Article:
A review of Solanum mauritianum biocontrol: prospects, promise and problems: a way forward for South Africa and globally
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The invasive tree Solanum mauritianum Scopoli remains one of the world’s most widespread environmental weeds. Despite biocontrol providing one of the few viable long-term solutions to tackling S. mauritianum invasions globally, only South Africa and, more recently, New Zealand, have programmes in place. Ongoing biocontrol efforts against S. mauritianum are reviewed here with particular reference to South Africa. The South African programme has suffered a troubled history, with considerable research efforts culminating in the eventual release and establishment of only two insect agents, Gargaphia decoris Drake and Anthonomus santacruzi Hustache. The difficulties experienced have hindered research into new agents, causing apprehension in using biocontrol internationally. However, recent studies have demonstrated that biocontrol may be deserving of renewed investment, particularly within an integrated management context. In this review, we advocate for the revival of the S. mauritianum biocontrol programme in South Africa, and discuss possible avenues for future research internationally.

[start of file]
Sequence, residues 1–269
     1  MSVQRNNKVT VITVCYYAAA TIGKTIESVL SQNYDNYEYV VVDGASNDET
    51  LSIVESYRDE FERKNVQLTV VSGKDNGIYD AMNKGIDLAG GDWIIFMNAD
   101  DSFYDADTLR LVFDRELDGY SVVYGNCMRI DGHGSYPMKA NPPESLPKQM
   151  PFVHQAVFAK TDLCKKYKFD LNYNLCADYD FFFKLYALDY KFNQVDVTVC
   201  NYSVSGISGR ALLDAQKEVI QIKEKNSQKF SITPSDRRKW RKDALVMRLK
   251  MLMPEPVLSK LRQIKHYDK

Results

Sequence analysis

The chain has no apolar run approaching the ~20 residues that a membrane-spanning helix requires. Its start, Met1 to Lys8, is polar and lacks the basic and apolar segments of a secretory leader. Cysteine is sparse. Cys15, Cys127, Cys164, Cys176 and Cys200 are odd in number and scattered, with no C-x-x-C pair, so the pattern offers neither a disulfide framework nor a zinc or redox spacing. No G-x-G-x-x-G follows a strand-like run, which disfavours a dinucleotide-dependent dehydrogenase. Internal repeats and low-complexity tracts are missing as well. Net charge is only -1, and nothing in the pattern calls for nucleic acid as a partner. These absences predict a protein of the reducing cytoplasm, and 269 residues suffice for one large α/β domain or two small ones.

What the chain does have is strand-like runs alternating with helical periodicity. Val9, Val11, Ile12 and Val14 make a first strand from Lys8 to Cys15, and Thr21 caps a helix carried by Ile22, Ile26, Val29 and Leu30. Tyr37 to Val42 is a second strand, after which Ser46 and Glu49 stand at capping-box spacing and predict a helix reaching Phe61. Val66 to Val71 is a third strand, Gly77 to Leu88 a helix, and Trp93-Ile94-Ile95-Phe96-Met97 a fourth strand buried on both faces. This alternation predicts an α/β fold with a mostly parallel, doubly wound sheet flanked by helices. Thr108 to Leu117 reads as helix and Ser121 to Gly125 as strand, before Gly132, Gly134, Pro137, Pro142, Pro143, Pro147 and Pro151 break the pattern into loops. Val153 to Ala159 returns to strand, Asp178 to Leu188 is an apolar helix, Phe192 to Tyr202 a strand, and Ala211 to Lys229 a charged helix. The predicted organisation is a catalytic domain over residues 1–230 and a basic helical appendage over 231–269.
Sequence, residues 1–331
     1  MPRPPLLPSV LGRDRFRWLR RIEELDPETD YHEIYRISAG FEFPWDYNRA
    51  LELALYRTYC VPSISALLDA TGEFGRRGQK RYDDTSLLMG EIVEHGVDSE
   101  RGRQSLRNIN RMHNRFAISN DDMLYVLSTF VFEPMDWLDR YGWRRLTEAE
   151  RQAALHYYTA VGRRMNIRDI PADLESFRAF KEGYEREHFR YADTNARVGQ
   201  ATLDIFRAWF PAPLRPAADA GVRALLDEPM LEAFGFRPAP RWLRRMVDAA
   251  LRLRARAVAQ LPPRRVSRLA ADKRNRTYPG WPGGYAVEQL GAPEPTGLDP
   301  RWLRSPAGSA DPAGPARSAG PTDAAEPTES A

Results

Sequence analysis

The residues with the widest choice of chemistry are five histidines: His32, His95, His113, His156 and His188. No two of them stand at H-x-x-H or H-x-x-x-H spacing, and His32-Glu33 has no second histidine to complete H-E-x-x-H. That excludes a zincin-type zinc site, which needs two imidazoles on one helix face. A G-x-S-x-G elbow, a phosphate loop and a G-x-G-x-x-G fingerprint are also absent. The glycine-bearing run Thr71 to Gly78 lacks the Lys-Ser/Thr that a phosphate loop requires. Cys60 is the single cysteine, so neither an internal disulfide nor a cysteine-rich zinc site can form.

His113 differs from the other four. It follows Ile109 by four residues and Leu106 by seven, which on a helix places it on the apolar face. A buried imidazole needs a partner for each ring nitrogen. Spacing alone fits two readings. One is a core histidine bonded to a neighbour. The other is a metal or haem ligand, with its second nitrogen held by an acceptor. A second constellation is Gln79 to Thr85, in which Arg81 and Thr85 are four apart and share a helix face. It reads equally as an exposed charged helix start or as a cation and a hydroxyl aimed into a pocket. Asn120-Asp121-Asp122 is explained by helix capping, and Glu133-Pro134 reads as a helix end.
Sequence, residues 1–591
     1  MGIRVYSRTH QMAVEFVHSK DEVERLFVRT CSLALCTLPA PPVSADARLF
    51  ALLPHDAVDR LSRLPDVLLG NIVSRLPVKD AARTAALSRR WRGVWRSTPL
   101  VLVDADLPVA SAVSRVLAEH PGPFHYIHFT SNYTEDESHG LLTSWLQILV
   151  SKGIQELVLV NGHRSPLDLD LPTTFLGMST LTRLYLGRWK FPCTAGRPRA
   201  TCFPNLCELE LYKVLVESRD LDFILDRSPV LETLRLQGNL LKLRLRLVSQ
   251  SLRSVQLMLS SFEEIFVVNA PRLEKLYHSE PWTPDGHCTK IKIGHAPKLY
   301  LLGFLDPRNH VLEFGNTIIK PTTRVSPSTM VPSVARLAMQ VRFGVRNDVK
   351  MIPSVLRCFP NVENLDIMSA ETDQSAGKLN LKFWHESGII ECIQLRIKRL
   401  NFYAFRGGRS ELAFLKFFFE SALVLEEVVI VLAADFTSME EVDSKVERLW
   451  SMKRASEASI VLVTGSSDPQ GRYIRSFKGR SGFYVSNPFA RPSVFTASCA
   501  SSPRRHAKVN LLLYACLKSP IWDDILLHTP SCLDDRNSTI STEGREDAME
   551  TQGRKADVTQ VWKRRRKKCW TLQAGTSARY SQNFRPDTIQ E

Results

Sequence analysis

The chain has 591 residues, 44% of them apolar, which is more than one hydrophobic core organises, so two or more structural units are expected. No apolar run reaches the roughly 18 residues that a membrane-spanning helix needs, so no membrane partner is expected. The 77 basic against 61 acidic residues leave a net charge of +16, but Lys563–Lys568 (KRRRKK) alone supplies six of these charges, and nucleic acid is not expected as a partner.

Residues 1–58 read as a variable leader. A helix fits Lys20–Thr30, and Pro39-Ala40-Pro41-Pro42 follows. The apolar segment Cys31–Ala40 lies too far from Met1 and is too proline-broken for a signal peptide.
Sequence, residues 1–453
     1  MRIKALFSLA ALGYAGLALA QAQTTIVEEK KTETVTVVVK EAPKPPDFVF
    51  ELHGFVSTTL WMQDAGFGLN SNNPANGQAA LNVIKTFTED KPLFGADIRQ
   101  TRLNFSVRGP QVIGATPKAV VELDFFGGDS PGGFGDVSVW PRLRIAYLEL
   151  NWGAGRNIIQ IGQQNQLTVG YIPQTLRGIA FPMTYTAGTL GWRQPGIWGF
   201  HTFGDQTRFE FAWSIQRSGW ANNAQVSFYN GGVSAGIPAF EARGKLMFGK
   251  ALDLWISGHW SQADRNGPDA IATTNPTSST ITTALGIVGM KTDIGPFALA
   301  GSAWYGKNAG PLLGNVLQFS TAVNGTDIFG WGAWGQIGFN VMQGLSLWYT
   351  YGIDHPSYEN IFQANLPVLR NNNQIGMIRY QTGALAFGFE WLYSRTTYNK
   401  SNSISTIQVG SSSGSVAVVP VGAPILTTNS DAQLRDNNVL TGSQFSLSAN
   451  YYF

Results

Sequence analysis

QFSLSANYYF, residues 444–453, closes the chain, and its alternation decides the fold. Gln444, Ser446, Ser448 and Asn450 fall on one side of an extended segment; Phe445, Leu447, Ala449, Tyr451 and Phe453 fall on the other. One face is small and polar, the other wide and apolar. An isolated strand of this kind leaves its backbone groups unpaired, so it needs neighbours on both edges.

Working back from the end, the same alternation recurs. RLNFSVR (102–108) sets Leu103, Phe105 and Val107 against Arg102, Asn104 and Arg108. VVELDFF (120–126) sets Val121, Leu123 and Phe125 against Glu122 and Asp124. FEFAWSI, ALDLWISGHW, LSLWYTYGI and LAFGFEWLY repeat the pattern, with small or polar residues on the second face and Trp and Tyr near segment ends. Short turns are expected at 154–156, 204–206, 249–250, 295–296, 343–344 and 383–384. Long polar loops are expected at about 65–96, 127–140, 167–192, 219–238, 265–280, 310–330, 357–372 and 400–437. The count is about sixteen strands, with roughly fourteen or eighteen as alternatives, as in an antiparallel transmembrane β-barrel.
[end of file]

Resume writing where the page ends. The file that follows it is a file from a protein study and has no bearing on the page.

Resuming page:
- RESEARCH: Byrne, M